Man­dalay ac­tivists mark pro-democ­racy re­volt with trib­utes, eye to­ward fu­ture

The Myanmar Times - - News - MAUNG ZAW maungzaw@mm­times.com

MAN­DALAY com­mem­o­rated the 28th an­niver­sary of the so-called “8888 Up­ris­ing” yes­ter­day, with ac­tivists gath­er­ing at the Dham­masala Hall to re­mem­ber Myan­mar’s fallen democ­racy cham­pi­ons and look ahead to the coun­try’s po­lit­i­cal fu­ture.

Par­tic­i­pants in the event took ad­van­tage of an at­mos­phere of greater open­ness un­der the Na­tional League for Democ­racy gov­ern­ment to talk pol­i­tics and read out pa­pers on the up­com­ing 21st-cen­tury Pan­g­long Con­fer­ence, which will con­vene on Au­gust 31 as the ad­min­is­tra­tion seeks to jump­start the nation’s peace process.

“The 28th an­niver­sary of the quadru­ple-eight event in­cluded a dis­cus­sion un­like past years. To be a help to the Pan­g­long Con­fer­ence, which is to be held soon, po­lit­i­cal groups of Man­dalay held a dis­cus­sion con­cerned with that,” said U Nyein Chan, a mem­ber of the event’s or­gan­is­ing com­mit­tee. “Hold­ing such events is in­tended to raise the aware­ness of youth about Myan­mar po­lit­i­cal ac­tiv­i­ties.”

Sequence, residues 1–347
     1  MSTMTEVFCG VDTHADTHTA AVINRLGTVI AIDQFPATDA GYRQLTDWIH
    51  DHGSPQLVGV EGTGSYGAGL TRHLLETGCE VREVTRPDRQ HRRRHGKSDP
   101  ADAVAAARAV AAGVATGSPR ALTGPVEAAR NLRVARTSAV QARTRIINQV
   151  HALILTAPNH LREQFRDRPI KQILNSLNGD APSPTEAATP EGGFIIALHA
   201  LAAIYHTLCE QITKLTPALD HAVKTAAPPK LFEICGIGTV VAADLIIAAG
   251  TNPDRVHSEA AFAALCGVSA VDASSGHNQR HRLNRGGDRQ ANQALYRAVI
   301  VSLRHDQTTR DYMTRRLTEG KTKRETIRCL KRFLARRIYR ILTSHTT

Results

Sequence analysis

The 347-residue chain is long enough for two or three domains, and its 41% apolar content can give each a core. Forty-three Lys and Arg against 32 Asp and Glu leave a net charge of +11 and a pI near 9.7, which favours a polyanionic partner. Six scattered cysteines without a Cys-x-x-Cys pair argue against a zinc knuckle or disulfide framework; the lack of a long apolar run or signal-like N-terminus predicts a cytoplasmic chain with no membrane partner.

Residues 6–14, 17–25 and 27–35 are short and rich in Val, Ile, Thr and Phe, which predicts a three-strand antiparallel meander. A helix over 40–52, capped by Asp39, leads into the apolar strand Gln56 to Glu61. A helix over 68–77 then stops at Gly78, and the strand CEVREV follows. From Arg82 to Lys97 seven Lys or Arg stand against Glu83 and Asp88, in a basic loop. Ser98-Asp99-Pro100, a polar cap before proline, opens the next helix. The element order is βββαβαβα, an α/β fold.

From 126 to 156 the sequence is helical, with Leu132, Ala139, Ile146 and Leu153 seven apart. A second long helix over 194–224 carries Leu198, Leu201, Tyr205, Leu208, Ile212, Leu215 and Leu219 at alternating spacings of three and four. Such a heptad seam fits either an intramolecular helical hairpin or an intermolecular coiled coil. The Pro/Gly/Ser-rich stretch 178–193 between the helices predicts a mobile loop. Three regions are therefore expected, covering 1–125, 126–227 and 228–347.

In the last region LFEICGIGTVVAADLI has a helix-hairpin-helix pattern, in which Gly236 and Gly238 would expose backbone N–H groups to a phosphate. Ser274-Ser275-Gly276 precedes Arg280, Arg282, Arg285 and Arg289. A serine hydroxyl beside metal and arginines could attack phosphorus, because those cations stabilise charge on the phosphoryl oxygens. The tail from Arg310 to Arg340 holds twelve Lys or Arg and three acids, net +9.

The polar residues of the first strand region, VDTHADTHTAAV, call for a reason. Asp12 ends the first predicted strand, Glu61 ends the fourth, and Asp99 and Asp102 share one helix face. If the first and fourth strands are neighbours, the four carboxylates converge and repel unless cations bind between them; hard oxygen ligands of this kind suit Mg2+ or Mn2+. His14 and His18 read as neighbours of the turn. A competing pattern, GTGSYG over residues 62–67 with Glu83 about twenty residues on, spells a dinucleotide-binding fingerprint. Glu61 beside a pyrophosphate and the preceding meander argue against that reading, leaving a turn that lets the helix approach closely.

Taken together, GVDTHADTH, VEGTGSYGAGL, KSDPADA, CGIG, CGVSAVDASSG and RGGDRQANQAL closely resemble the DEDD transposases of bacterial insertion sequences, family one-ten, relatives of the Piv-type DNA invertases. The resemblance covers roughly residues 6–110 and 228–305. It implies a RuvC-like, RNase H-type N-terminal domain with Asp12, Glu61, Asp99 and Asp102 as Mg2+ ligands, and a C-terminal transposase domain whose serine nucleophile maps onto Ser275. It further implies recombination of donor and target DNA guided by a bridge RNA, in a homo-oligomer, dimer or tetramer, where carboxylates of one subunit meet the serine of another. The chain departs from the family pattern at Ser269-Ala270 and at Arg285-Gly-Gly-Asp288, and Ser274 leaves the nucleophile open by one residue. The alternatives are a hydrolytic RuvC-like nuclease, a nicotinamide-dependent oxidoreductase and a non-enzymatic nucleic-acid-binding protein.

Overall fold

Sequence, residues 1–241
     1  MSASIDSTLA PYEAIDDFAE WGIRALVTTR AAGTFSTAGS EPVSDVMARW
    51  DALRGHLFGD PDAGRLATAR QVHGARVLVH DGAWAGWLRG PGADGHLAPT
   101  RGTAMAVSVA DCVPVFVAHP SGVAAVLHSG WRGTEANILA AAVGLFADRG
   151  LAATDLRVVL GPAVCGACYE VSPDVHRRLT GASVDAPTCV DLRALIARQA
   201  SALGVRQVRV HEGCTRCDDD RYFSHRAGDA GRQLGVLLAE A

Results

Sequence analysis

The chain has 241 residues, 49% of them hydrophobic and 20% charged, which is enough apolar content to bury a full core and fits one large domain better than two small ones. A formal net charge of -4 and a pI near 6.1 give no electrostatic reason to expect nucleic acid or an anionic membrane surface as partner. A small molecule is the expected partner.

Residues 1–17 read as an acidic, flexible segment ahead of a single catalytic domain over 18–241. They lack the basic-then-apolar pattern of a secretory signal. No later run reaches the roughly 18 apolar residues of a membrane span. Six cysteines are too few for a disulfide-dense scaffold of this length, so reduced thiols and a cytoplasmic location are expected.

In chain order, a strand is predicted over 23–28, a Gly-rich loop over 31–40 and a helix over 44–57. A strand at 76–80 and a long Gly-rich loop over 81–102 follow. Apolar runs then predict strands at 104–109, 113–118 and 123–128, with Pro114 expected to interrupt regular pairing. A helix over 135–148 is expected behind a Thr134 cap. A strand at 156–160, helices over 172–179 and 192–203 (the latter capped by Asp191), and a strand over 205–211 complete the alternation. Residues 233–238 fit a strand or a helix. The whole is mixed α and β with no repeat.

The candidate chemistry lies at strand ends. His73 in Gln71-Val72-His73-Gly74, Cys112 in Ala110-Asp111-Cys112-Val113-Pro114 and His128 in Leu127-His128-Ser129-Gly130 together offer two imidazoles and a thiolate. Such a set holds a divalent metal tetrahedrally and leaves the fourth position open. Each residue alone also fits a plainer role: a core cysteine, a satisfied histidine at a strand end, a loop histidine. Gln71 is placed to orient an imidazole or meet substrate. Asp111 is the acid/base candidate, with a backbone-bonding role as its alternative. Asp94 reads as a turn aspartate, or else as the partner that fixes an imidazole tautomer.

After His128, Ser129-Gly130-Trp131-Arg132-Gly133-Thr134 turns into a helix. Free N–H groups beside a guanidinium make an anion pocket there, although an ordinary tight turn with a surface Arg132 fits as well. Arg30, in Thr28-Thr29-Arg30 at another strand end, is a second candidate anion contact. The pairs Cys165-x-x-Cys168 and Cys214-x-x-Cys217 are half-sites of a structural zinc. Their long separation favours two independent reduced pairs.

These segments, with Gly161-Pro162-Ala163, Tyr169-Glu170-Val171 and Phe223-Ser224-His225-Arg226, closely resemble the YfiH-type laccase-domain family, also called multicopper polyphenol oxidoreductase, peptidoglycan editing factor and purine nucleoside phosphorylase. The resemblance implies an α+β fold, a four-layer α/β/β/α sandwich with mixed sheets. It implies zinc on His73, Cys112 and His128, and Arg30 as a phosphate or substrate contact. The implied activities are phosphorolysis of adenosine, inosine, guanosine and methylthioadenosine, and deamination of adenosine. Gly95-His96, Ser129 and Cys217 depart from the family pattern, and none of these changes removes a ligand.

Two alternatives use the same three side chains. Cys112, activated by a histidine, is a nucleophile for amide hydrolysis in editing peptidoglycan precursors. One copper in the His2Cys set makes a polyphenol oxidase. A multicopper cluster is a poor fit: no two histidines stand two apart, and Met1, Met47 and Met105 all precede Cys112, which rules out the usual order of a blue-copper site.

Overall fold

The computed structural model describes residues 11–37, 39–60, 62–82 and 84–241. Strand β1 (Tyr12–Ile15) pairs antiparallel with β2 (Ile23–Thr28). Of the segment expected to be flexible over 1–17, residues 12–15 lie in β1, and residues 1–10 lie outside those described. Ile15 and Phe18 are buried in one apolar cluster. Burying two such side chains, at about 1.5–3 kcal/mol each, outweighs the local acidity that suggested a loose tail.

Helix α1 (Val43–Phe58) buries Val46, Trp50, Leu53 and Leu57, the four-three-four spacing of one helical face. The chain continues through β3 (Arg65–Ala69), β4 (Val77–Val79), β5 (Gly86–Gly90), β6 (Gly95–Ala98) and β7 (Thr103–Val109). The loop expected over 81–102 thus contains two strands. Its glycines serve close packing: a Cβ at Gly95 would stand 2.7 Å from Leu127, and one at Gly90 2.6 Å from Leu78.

The gath­er­ing, in the hall at the cor­ner of 84th and 31st streets in Myan­mar’s sec­ond-largest city, was opened with a morn­ing do­na­tion of meals to Bud­dhist monks. The pro­gram later in­cluded trib­utes to mar­tyrs of the pop­u­lar up­ris­ing, singing of po­lit­i­cal songs and dis­cus­sion of the late-Au­gust peace sum­mit.

In Man­dalay and else­where in the coun­try, peo­ple gath­ered yes­ter­day to mark the an­niver­sary of Au­gust 8, 1988, when pro-democ­racy ac­tivists or­gan­ised a gen­eral strike and tens of thou­sands took to the streets to protest the then-rul­ing junta. Se­cu­rity forces bru­tally cracked down on the sus­tained demon­stra­tions the fol­low­ing month, killings thou­sands and im­pris­on­ing many more.

“We need to keep re­mem­ber­ing the pains of the past. We must use those pains as forces to de­velop the nation,” said a po­lit­i­cal ac­tivist par­tic­i­pat­ing in yes­ter­day’s dis­cus­sion. “Po­lit­i­cal forces also need to pay more at­ten­tion by work­ing for peace and to be able to amend the con­sti­tu­tion. Now is a crit­i­cal time for devel­op­ment of the coun­try.”

The trauma of 1988 gave birth to the NLD, which har­nessed the power of its pop­u­lar leader Daw Aung San Suu Kyi to earn wide­spread public sup­port, though she was later put un­der house ar­rest for the bet­ter part of two decades.

– Trans­la­tion by Kyawt Darly Lin

Photo: Maung Zaw

A po­lit­i­cal ac­tivist dis­cusses the Pan­g­long Con­fer­ence at an “8888 Up­ris­ing” com­mem­o­ra­tion event in Man­dalay yes­ter­day.

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